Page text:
What if they're not bad? What if they're great?

We're now far enough into National Novel Writing Month for it to be abundantly clear I won't have time to participate this year.

Never mind that my effort would have been symbolic and unofficial anyway, because the deadline for official signups flew by sometime near the end of last month, before I started thinking about it. So instead of doing it, I'm thinking about the differences of opinion over the idea. Some people think NaNoWriMo is a great idea that can help aspiring writers get over their procrastination. Others sharply criticize the whole concept, some of them with a revealing tone of vicious bitterness.

Most objections to the exercise seem to be variations on the same theme: that anything written in such haste is sure to be a textbook example of terribly bad writing. From such a beginning, critics extrapolate, writers can only continue to produce more bad writing. And the last thing the world needs is more bad writing.

Critics don't always bother to state that last part. Some just assume everyone will agree with it as an unspoken premise. From there, the conclusion is obvious: NaNoWriMo is bad. Very bad.

Now, I don't necessarily agree that bad writing is such a bad thing. There are far worse things people could do with their free time than produce bad writing, and it's not like they're forcing anyone else to read it. But let's leave that aside for the moment. Instead let's look at a far more scary implication of National Novel Writing Month. What if it doesn't exclusively fill the world with more bad writing? What if it also leads, one way or another, to good writing? What if it ends up creating dozens, hundreds, even thousands of new truly great novelists?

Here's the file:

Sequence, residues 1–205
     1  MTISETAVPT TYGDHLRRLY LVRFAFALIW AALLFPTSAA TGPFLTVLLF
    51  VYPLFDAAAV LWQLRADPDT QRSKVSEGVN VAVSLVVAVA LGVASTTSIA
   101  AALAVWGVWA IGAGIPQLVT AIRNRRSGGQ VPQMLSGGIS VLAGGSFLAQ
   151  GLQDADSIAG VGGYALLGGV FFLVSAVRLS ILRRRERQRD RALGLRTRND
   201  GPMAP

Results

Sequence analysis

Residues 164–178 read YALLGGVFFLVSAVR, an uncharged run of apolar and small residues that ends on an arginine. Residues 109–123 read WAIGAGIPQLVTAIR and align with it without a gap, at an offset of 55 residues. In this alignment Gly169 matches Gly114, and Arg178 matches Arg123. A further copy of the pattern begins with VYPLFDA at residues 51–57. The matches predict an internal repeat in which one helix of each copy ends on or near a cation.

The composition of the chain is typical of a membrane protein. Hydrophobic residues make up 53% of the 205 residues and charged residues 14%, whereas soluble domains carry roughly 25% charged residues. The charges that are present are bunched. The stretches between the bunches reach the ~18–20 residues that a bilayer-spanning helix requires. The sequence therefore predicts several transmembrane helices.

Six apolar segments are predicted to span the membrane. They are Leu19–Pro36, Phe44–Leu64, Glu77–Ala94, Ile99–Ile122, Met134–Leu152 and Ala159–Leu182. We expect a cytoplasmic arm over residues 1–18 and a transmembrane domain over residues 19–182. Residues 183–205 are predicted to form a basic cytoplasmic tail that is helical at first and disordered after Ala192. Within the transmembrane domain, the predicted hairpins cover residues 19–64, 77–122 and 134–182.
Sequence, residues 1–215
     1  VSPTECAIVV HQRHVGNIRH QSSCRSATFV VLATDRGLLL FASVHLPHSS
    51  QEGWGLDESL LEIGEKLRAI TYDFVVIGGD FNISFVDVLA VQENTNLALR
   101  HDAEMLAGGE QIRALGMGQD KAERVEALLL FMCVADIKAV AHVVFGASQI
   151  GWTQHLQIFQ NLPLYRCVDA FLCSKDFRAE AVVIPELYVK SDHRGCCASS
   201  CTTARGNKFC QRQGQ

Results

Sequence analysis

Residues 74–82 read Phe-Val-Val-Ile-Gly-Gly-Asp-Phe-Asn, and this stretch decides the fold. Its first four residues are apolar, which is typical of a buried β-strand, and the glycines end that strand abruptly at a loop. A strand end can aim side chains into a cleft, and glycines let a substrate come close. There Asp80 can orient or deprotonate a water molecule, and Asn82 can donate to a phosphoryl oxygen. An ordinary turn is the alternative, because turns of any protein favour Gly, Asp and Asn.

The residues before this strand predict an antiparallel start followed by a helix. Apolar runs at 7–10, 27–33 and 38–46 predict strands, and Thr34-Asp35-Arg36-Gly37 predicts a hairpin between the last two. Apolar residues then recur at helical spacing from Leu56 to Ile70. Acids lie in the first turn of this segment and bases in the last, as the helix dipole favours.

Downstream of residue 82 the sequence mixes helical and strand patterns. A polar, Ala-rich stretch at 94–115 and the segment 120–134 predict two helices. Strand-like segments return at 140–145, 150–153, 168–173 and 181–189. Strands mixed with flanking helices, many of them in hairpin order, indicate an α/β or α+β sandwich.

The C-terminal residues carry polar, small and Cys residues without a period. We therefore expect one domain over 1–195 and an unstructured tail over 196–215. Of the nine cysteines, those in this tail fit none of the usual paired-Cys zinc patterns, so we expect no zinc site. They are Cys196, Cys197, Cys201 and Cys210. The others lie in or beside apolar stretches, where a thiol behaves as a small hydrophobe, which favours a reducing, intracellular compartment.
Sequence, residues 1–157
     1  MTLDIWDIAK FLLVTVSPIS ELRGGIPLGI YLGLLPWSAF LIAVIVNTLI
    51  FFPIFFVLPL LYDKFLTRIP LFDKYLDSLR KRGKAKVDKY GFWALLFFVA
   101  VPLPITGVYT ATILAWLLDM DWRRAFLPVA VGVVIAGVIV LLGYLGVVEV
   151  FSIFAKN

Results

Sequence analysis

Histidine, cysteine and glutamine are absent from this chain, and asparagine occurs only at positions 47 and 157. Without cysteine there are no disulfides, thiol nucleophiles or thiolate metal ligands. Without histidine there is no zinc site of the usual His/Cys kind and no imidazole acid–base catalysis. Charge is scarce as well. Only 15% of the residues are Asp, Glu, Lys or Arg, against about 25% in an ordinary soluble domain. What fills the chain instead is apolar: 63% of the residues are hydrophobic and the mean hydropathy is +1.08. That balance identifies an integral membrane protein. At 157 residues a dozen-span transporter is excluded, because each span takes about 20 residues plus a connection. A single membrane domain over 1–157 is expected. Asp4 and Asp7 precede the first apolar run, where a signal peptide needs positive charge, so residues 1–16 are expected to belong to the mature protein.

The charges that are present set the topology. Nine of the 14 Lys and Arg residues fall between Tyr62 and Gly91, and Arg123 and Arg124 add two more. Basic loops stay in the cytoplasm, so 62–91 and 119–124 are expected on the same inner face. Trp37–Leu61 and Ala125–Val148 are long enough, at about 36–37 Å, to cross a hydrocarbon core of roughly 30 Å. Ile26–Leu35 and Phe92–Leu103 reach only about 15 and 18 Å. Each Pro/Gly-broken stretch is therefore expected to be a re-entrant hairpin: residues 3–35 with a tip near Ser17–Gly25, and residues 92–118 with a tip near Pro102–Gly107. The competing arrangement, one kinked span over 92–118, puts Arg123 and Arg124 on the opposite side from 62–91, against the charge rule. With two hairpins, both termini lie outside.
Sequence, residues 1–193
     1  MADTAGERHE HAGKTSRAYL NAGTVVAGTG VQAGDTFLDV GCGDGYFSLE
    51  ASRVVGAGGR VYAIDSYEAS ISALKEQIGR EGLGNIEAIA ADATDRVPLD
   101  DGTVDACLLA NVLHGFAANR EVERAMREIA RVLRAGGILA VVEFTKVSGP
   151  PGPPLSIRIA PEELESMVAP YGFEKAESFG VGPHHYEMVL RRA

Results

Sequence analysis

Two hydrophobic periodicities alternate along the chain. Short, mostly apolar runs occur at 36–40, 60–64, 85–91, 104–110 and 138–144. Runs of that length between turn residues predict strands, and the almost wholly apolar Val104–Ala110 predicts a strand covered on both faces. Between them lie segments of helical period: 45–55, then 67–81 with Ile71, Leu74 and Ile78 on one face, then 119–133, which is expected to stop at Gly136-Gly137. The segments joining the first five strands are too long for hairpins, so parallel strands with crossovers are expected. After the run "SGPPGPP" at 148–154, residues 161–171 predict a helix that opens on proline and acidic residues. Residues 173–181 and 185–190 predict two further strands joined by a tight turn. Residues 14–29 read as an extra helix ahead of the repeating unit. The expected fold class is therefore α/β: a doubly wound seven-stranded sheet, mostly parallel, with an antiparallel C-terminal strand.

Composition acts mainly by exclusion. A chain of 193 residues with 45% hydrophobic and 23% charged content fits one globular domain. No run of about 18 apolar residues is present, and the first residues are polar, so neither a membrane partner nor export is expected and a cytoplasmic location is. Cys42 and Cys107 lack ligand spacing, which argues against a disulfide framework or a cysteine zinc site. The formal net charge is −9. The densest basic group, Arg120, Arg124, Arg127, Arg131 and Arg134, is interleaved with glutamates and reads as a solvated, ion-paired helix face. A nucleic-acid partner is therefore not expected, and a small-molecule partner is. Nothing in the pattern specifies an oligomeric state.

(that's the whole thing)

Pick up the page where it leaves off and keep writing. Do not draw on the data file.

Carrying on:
At first thought, any lover of literature would want to like this idea. But its implications can be overwhelming. There already isn't enough time in a single lifespan to read all the great literature we currently have. Many of us haven't even finished reading Shakespeare yet, and have barely touched upon the works of Austen, Dante, Sophocles, Plath, Dickens, Woolf, or the rest of the vast library the world has already produced. What on earth are we going to do if the world is suddenly flooded with new material, from an army of new great writers, raised up in part by the inspiration of exercises like NaNoWriMo? Who could claim the mantle of "cultural literacy" in a world so vastly rich in great literary works?

I suspect this fear, whether consciously realized or not, may explain much of the vitriol in some of those who attack National Novel Writing Month.

As for myself, I have not yet decided on the merits of the concept. It seems worth trying, but I refrain from passing judgement until I have actually tried it for myself and can speak from experience.